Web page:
Presidente Fox's Vision for America

By Denos Marvin
Published in The Social Contract
Volume 11, Number 1 (Fall 2000)
Issue theme: "America's porous borders"
http://www.thesocialcontract.com/artman2/publish/tsc1101/article_908.shtml



On Monday, August l5th, the Washington Post published a report about Mexico's president elect, Vicente Fox, titled 'Fox Seeks New Cooperative Era for N. America.' The report cites Fox, who met with Clinton in August, as being in favor of a European Union (EU) style partnership in North America. (More about this later.) He also put forth in his '90 minute conversation' with the Post reporters several generalizations about our America which I believe are essentially untrue.

President Fox asserts that a new breed of technical engineers is emerging from Mexico's universities and he hopes these engineers could help solve America's severe shortage of engineers and take their place alongside immigrants from India and Bangladesh. Here I find the admirable Mr. Fox, former president of Mexico's Coca-Cola Corporation, to be mouthing typical multi-national corporate propaganda. Reason There is no shortage of born-in-America engineers. During the past eight years the major corporations have sent them packing out the front door by the thousands only to replace them through the backdoor with docile low-wage immigrants who are only too happy to work for half the salary that the fired Americans were receiving. In fact some executives cynically refer to this as the 'two for one policy' - fire one American and get two from Bangladesh for the same price. Of course, all of this takes place with hand wringing and crocodile tears and mournful platitudes about the shortage of American engineers. Shame!

Fox went on to state that the U.S. economy cannot grow at rates of 5 percent or more per year without Mexican labor. For this writer it is hard to understand how the mostly illiterate and totally admirable hard-working Mexican migrants have had anything measurable to do with the past eight years' supply of cheap oil and low interest rates or with the risk capital or the entrepreneurship and hi-tech skills that have presumably brought about this boom.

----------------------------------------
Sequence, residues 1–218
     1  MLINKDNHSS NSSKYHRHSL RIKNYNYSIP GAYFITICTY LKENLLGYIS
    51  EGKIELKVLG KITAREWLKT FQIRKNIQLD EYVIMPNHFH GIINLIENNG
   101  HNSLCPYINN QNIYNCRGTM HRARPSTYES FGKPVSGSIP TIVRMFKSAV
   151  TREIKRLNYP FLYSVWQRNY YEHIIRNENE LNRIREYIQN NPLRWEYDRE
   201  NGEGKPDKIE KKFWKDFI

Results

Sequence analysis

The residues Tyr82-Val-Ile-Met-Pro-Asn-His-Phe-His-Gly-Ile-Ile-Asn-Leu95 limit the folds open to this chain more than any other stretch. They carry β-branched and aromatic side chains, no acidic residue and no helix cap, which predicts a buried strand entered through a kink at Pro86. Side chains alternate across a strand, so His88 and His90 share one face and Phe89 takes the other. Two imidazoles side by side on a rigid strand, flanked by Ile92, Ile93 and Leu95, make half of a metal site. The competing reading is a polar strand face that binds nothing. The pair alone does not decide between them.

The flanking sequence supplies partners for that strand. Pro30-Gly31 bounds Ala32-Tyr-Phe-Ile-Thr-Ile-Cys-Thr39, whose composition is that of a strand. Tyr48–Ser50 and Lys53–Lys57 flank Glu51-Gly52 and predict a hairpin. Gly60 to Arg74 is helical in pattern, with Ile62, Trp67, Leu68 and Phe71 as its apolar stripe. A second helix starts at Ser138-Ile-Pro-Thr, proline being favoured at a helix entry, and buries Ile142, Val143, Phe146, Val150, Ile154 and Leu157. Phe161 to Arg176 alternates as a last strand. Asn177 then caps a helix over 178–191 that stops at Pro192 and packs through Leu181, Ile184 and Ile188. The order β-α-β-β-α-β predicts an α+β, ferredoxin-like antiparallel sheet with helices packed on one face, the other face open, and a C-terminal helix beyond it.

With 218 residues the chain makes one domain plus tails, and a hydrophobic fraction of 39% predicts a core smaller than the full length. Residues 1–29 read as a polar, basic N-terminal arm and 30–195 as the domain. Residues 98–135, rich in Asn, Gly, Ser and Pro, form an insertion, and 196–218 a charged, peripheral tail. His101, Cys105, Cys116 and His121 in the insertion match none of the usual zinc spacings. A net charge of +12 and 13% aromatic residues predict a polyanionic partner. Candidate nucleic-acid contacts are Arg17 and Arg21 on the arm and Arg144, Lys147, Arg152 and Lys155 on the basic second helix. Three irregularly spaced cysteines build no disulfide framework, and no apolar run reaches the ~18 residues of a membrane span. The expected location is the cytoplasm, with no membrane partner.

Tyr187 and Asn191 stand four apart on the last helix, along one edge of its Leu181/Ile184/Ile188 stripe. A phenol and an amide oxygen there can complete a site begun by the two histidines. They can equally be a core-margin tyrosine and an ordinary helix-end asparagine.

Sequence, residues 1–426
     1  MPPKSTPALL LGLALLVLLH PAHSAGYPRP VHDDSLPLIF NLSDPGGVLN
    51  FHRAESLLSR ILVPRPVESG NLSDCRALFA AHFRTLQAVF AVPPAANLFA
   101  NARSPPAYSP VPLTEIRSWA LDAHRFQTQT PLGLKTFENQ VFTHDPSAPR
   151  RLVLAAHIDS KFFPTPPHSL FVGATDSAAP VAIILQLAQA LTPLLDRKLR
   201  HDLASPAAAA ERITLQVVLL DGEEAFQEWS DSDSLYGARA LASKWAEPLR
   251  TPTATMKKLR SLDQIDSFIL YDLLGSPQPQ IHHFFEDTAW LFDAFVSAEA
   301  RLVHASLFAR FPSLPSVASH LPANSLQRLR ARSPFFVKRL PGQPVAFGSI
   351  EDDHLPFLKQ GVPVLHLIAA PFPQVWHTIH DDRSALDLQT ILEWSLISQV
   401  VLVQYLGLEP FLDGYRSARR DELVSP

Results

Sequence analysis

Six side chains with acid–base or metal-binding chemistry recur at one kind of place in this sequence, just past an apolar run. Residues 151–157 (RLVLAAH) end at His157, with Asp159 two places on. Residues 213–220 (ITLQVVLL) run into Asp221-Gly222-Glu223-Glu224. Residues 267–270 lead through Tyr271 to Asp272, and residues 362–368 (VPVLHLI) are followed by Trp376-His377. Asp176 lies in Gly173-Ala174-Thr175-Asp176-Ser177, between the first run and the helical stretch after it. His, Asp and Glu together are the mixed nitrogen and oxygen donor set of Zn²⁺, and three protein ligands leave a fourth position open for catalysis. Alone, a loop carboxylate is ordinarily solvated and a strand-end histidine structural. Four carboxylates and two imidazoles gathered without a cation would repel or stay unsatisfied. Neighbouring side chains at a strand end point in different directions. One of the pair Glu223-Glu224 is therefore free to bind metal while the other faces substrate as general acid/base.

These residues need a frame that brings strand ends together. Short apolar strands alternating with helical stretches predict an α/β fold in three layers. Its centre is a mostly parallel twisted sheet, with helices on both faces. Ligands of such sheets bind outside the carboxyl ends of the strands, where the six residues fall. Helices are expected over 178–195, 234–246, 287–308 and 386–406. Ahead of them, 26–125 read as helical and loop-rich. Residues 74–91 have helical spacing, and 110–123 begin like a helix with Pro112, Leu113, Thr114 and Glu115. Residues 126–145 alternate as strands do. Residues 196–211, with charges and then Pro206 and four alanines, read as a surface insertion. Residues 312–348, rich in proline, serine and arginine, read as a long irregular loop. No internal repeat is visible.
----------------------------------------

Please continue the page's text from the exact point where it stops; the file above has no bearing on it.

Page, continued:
Fox also said that America is a country built by immigrants. Not so! To expand on the 'built' metaphor one must bear in mind that our America stands upon a foundation built by the settlers of the thirteen British colonies, most of whom were white colonists, spoke English, arrived here with a bundle of rights, and were in no way immigrants in the sense of 'foreigner' as many of us have been led to believe. Contrary to what President Fox apparently believes the most important 'building' in this country was done early on by the Colonials People like George Washington, Thomas Jefferson, John Hancock, Ben Franklin, Daniel Boone et. al., and subsequently by native-born sons and daughters, all of them Americans and all of them of all manner of ancestry, including, of course, many of Hispanic descent. It is the American way of life that attracts immigrants. It is not something they bring with them and 'build' as President Fox and so many Americans have been led to believe.

Now back to what is surely the most far-reaching among Fox's visions for future relations with the U.S. and Canada he proposes that we create a European Union-style partnership in North America in which the U.S. and Canada would help create jobs and raise income levels in Mexico. Its implementation might be great for Mexico and eventually for all the nations of South America and the Caribbean, but would probably cause grave civil and economic problems for the United States. Reason a mainstay of the EU concept is to do away with internal borders and custom posts. That means we would have to surrender control over our borders to allow into our country millions of Mexicans, followed in the ensuing years by millions of other Hispanics, most of whom would be poor and illiterate. This massive migration would take place regardless of the effect it would have upon our health, education and welfare systems, our native labor force and, too, to our increasingly fragile environment. There would be serious changes, also, to our way of life due to the political coalitions that these immigrants will form with the American Left and other political entities.

This writer regards Mr. Fox's recent election to the presidency of Mexico as the best thing that has happened to that country since the early years of the Porfirio Diaz regime. However, what's good for Mexico may not be good for America, though he thinks it would be. Free trade, guest workers, student and other cultural exchanges, a limited amount of screened immigrants - that is indeed good for Mexico and good for America, but do we give up control of our borders in the manner of the EU, there will come upon us a rising tide that will, contrary to the cliché, flood and sink America as we now know and cherish it. Furthermore, one might wonder what Fox meant when on August 5, in Sacramento, CA,. he said 'My obligation is to all Mexicans regardless of where they live' (emphasis mine).

About the author

Denos P. Marvin received his B.A. from Mexico's University of the Americas and his M.A. from Columbia. For 25 years he taught Spanish at Foothill College, California. He does regular op-ed pieces for the Jefferson Post of North Carolina and other writings.

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